The Iraq Report: 10 years after the Islamic State’s ‘caliphate’

On 29 June 2014, the Islamic State (IS) declared a “caliphate” in Iraq and Syria, appointing Abu Bakr al-Baghdadi as their leader, a declaration deemed highly controversial and rejected by many Muslims.

At its height, the group controlled an area half the size of the United Kingdom and attracted tens of thousands of fighters from around the world.

Its rule was characterised by extreme violence; the beheading of civilians, journalists, and aid workers; the enslavement and rape of thousands of women from the Yazidi community; and the persecution of religious minorities.

In remembrance of those who suffered under the group’s brutal reign, The New Arab (TNA) explores the legacy of this pivotal moment in Iraq’s modern history.


Following the declaration of the “caliphate,” IS killed, kidnapped, and threatened religious and ethnic minorities around Mosul in Northern Iraq.

After capturing the city on 10 June 2014, IS seized at least 200 Turkmen, Shabaks, and Yazidis, killing at least 11. In addition, IS ordered all Christians to convert to Islam, pay “tribute” money, or leave by 19 July.

According to their publication Dabiq, IS members ranked themselves at the top of the social hierarchy, followed by other Muslims, then Christians and Jews, with so-called ‘non-believers’ like the Yazidis at the bottom.

Away from the north, IS also persecuted Shia Muslims, predominantly in the south and particularly in Tikrit. In one of the largest massacres committed by the group, on 12 June 2014 over 1,500 unarmed Shia Iraqi Air Force cadets were executed in the Speicher Massacre.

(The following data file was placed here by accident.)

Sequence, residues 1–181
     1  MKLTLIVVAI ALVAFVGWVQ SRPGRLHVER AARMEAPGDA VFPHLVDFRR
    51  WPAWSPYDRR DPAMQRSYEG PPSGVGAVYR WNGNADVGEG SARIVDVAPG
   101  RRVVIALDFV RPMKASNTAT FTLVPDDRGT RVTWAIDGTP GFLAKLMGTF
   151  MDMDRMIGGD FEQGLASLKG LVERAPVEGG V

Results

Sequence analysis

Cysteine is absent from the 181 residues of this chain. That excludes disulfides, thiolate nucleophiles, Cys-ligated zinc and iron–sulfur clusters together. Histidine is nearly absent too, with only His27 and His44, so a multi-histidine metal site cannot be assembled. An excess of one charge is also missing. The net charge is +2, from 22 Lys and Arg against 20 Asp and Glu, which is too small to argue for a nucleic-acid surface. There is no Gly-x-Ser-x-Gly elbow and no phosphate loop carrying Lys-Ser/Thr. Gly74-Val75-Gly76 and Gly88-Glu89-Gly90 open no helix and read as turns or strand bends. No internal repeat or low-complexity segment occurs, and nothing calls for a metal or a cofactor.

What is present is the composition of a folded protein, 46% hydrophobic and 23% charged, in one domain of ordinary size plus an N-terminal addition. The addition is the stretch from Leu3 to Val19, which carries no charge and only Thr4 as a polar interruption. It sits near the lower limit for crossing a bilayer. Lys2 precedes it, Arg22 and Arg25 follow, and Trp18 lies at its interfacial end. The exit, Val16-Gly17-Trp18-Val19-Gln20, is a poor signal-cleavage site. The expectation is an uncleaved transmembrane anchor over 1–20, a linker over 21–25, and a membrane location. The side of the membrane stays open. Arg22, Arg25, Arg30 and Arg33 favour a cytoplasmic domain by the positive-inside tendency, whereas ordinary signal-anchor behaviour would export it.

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Iraq Report

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The impact on Iraq’s diverse communities

To understand the ongoing impact of IS rule on Iraqi communities, TNA interviewed researchers specialising in terrorism and political violence in the Middle East and North Africa region.

“The massacres IS committed against Shia cadets in Tikrit and against ethnic minority groups across Ninawa are among the most devastating events, and their impact continues today, altering the demography of these areas,” Hamzeh Hadad, Visiting Fellow at the European Council on Foreign Relations, told TNA.

Kawa Hassan, a Nonresident Fellow with Stimson’s MENA program, pointed to the lasting trauma in Mosul, Sinjar, and other areas IS controlled. “The massacres, sexual slavery, destruction of culture and heritage, and killing of everyone who didn’t agree with their politically totalitarian and deeply sectarian doctrine have deeply traumatised local communities.”

One of the darkest chapters in Iraq under IS rule was the persecution of the Yazidi community, with over 6,400 women and children sold into slavery after Sinjar was captured. A further 5,000 were murdered, in what a UN commission declared a genocide.

“The Yazidi genocide and other minorities targeted in Iraq, such as Christians, Turkmen, and Shabaks, are among the most profound and devastating legacies of IS,” Joana Cook, Assistant Professor of Terrorism and Political Violence at Leiden University and Editor-in-Chief of the ICCT Journal of the International Center for Counterterrorism, told TNA.

“With 2,700 Yazidis still missing and many living in precarious situations in IDP camps in Iraq, their suffering continues without justice against their aggressors.”